This post is part of our eight-part series profiling immigrants to the United States who made significant contributions to the Brooklyn Navy Yard from the eighteenth century to the present day.
Stanislaw Kozikowski (1895–1967)
Stan Kozikowski came to fame as a young man in the First World War, but spent much of his life as an unheralded machinist in the Brooklyn Navy Yard. He was born in Poland – then part of the Russian Empire – in 1895 (according to his naturalization record; other records cite 1894 and 1896) and emigrated to the United States in 1912; five years later, about age 21 and not yet a US citizen, he was drafted into the US Army. There he joined the famed 77th “Statue of Liberty” Division, 308th Infantry Regiment, which is where he would demonstrate his remarkable bravery as a member of the “Lost Battalion.” >> Continue reading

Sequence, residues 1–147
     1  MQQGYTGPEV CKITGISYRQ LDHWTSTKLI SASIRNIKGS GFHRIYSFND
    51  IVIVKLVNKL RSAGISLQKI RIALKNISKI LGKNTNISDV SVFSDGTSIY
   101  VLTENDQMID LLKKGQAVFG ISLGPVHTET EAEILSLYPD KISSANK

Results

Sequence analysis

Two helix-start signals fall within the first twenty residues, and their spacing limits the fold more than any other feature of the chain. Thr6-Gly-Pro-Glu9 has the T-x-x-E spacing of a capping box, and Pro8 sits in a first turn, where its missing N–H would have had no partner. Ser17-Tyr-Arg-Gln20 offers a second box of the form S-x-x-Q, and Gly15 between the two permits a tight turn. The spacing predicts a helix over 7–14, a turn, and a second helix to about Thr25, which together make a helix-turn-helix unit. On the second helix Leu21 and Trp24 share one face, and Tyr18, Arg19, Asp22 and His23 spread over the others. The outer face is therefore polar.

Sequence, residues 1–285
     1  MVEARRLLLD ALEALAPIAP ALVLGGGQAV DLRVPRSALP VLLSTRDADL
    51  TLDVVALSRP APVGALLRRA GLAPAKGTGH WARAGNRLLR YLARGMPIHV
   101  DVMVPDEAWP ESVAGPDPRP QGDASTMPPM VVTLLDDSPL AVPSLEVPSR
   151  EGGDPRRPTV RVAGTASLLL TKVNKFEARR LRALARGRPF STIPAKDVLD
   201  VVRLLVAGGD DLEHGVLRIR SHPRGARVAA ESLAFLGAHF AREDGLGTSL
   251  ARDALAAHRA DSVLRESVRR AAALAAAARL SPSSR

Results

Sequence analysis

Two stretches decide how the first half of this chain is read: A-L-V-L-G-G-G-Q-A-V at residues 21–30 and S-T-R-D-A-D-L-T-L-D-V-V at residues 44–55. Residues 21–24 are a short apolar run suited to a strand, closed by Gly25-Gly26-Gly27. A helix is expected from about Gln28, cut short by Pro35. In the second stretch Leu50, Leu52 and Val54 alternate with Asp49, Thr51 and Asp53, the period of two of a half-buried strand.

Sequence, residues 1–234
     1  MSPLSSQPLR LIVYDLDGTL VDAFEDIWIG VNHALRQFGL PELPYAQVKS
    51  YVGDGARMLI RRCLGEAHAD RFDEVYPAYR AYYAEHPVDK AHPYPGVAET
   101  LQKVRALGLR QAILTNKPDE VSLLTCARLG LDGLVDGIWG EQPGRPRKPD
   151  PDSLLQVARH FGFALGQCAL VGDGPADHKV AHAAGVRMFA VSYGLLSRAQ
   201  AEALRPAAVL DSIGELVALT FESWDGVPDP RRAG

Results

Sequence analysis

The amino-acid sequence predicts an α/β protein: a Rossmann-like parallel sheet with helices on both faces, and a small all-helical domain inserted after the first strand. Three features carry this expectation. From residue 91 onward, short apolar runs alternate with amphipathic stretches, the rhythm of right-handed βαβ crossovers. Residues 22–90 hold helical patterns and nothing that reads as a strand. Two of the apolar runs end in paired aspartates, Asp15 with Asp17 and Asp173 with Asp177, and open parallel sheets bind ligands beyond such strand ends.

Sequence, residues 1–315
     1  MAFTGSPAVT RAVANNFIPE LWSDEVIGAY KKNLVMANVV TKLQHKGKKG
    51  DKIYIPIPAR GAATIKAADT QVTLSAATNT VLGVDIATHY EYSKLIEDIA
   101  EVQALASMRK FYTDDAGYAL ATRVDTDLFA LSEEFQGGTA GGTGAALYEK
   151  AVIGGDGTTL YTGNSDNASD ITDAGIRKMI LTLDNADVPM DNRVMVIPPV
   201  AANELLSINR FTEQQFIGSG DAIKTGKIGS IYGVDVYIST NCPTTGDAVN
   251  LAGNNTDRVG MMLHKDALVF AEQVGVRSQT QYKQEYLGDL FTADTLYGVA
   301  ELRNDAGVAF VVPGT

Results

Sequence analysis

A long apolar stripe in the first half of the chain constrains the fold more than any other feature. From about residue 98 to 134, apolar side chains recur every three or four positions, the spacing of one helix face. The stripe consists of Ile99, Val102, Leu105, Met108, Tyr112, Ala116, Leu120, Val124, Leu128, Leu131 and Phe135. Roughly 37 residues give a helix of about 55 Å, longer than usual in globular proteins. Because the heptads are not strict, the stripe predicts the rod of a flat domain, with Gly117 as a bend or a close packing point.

After a hiatus of 115 years, a vast squadron of homing pigeons has returned to the Brooklyn Navy Yard.
This weekend marks the opening of Fly By Night, an ambitious performance piece by artist Duke Riley and produced by Creative Time. On the deck of the decommissioned naval vessel Baylander, Riley and his team have erected a pigeon coop and assembled some 1,800 birds. After weeks of training and preparations, performances will begin on May 7 and run for six weeks, every Friday, Saturday, and Sunday night at dusk. Each evening, this flock will be released as the sun begins to set, each bearing an LED light on its foot to create a swirling, winged light show above the East River.>> Continue reading